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Terry Talk: Rep. Bryan Terry Talks with Commissioner Jonathan Beverly

Commissioner Jonathan Beverly is a newly elected Rutherford County commissioner and took the time to have a conversation with Tennessee District 48 State Representative Bryan Terry, MD. 

Terry: Congratulations on becoming a County Commissioner for Rutherford County. I appreciate you taking the time for a Terry Talk and helping our community get to know you better and get informed on some issues.

Beverly: Thank you for the opportunity! I am honored to have been elected and excited to work hard for District 6. The County Commission has many issues coming before them and I look forward to helping guide our community.

Terry: I understand you guys have a new baby. Can you tell us a bit about yourself and your background?

Beverly: We did, William was born in June of this year. We are very blessed and grateful that he is sleeping through the night now. My wife, Amanda, and I celebrated our second wedding anniversary last July.

I grew up in Smyrna, graduating from Smyrna High in 2010. I attended MTSU, graduating in 2013 with a degree in Criminal Justice with a minor in Accounting/Information Systems. During high school and college, I worked for the YMCA before leaving to start a career in law enforcement with the Town of Smyrna. Since then I have completed Grad School at Bethel University, taken on additional responsibilities within my department, served as a Board Member with the North Rutherford YMCA, Smyrna Rotary Club, Boys & Girls Club, and President of the Stones River Fraternal Order of Police.

Terry: I first met you a few years ago and you seemed pretty passionate for the community. Obviously, you’ve taken the next step and ran for office. When running for office, one of the most common questions that people get asked is “why” or “what was your get off the couch moment”? So, if you can, what is your driving motivation for your dedication to local issues and politics?

Beverly: Thank you! Public service is a passion of mine and I wanted to get involved. For me, it boiled down to “if not me, then who?” I wanted to help build a strong community for my family, friends, and fellow citizens. I have always had a desire to serve, which led to Amanda and I praying for guidance on how to best accomplish that. We felt God offered an opportunity to run for County Commissioner and I knew I needed to follow.

Terry: You’ve been in office for a few months and it seems like the County Commission has hit the ground running. How would you describe the beginning of your term?

Beverly: A learning experience to say the least. Government has so many moving parts and so many people with a desire to help. The main goal for the first part of my term was to learn.

Terry: What are some of the big issues that the County Commission is dealing with right now, and how might the state help with these issues?

Beverly: Rutherford County is facing issues with both waste management and education and we are grateful to the state for their help. With waste management, we work closely with TDEC regarding the Middle Point Landfill and Rutherford County Landfill. As we continue to grow, we have to examine long term solutions to waste management.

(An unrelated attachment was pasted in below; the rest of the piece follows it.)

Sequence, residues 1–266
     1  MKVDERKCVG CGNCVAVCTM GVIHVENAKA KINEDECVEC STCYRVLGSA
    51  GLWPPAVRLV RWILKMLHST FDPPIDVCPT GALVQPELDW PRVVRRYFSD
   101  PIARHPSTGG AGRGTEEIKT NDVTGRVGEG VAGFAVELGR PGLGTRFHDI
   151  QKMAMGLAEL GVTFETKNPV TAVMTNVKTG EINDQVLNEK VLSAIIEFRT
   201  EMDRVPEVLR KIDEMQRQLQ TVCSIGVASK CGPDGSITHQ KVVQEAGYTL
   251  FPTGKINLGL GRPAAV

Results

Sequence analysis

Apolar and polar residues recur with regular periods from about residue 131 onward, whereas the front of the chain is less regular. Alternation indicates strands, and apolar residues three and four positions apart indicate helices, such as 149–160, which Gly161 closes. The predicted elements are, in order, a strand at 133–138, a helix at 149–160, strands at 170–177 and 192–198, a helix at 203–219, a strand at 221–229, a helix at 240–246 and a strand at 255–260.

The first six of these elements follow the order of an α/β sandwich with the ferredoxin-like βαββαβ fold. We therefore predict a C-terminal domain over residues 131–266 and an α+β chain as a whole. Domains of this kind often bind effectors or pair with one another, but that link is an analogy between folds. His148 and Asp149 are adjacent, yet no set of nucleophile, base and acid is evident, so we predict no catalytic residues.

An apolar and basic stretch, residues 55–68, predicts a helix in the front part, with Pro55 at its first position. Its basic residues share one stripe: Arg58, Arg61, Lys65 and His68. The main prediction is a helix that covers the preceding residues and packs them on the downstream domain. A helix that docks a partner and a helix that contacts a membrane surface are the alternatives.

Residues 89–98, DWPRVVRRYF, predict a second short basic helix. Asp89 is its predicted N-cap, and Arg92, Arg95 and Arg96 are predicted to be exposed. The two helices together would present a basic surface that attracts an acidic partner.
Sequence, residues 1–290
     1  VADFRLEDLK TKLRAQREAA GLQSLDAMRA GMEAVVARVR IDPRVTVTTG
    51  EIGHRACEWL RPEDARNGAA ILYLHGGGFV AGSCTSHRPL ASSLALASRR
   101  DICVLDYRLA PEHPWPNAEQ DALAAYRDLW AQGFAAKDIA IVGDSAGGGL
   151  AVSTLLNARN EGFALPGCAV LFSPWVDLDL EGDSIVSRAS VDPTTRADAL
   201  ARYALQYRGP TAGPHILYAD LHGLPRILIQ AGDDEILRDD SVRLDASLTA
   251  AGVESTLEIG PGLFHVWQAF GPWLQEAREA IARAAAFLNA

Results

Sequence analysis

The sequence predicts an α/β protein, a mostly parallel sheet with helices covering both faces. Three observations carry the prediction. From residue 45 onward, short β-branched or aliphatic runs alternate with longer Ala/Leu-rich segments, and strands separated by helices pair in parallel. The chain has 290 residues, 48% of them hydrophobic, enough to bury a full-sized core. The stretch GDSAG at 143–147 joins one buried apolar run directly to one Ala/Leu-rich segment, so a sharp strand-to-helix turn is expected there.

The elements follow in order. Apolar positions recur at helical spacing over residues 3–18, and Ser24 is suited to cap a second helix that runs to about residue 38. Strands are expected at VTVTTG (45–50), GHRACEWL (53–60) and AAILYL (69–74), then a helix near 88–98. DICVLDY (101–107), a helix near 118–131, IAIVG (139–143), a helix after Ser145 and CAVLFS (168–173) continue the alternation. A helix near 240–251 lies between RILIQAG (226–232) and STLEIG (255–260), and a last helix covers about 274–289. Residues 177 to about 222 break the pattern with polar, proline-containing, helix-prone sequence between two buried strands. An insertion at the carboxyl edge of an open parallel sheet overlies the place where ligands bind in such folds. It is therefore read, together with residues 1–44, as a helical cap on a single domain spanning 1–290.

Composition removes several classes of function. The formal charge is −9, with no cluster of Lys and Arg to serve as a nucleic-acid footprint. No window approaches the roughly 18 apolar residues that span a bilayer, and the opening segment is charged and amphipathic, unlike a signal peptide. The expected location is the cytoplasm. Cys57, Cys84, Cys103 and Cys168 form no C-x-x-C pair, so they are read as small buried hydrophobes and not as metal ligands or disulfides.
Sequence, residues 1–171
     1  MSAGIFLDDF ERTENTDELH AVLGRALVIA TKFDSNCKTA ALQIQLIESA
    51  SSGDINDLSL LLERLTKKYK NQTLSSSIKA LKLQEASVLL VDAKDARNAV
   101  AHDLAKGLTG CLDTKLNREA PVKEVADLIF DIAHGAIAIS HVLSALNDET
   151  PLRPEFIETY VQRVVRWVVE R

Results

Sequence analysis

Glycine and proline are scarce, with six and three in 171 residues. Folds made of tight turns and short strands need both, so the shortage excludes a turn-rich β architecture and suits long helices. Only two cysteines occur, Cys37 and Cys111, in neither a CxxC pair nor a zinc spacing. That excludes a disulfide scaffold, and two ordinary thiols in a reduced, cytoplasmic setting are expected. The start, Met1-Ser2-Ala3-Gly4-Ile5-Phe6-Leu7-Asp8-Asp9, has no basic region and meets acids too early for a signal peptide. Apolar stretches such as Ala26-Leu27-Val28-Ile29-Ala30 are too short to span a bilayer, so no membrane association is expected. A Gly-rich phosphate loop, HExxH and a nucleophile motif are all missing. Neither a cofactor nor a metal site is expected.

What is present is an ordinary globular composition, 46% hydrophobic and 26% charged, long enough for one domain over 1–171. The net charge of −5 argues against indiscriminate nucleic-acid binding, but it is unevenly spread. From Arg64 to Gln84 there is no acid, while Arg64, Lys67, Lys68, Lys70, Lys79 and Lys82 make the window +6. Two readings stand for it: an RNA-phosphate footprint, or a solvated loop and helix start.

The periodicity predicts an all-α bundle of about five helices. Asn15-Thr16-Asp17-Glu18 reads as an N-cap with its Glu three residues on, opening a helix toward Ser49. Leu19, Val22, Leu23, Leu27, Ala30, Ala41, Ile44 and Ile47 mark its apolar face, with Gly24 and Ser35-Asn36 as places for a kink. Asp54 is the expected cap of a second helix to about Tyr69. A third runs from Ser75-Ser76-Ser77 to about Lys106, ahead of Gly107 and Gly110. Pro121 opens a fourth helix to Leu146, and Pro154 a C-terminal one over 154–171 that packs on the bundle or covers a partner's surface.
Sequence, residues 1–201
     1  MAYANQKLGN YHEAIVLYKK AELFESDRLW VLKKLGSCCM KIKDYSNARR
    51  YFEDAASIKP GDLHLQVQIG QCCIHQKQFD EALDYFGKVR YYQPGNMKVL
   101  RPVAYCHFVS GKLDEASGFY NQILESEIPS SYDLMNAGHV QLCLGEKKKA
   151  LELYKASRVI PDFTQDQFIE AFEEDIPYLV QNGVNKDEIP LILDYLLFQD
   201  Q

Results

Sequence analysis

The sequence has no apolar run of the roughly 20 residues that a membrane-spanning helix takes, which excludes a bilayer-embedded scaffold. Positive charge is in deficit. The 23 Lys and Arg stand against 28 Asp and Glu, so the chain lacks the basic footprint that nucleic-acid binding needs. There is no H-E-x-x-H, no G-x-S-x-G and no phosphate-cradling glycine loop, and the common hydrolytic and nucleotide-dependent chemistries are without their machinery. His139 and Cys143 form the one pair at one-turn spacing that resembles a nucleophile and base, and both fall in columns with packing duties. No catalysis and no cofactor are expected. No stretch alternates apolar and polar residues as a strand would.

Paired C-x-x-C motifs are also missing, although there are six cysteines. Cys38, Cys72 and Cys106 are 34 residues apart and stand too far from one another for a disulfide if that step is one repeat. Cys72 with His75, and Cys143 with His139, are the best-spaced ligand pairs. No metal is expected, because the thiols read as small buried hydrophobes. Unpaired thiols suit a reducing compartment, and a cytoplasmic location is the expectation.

Education is the key to a successful society. The State Legislature took action to make sure students are taken care of with a new approach to education funding. Rutherford County Schools grow by almost 2,000 students a year, one of the fastest rates in the state. This new funding provides a way for our students to get the most out of their education.

Lastly, our state legislature is fiscally responsible. This allows Rutherford County to recruit businesses to our area on the basis of economic stability. They see the teamwork between the local and state delegation, which brings comfort that their investment is solid.

Terry: With the landfill, solid waste, odors and a possible transfer station on the minds of constituents, what’s the latest info that you can give us surrounding those issues?

Beverly: The County Mayor and County Commission are working very hard to develop an answer to the problems surrounding solid waste. We have made multiple site visits to companies that may be able to provide the solution we are looking for. Additionally, our Public Works Committee just reviewed RFQs from three companies regarding transfer stations. These RFQs covered past projects the companies have done, experience with TDEC, plans for concept to construction, and what technology they would use. This is one of the many preliminary steps for Rutherford County to accomplish as we plan for the next phase of waste management in our community.

Terry: What do you wish Rutherford Countians knew about the county commission or local government? Anything they could do to assist you as a commissioner?

Beverly: Communication is key, your elected officials are here to help. If a citizen has an idea or desire to get more information, feel free to pick up the phone or send an email. Service is our goal, we try to be as communicative as possible.

Terry: Is there anything else you think the community should know or would like to say going into 2023?

Beverly: Our community is a great place to live. I am blessed with the opportunity to serve and look forward to what we will accomplish in not just 2023, but future years as well.

Terry: Thank you for taking the time for a Terry Talk. I have great appreciation for anyone who is willing to serve and those willing to inform our constituents. Best of luck on your term and I look forward to working with you for our community.

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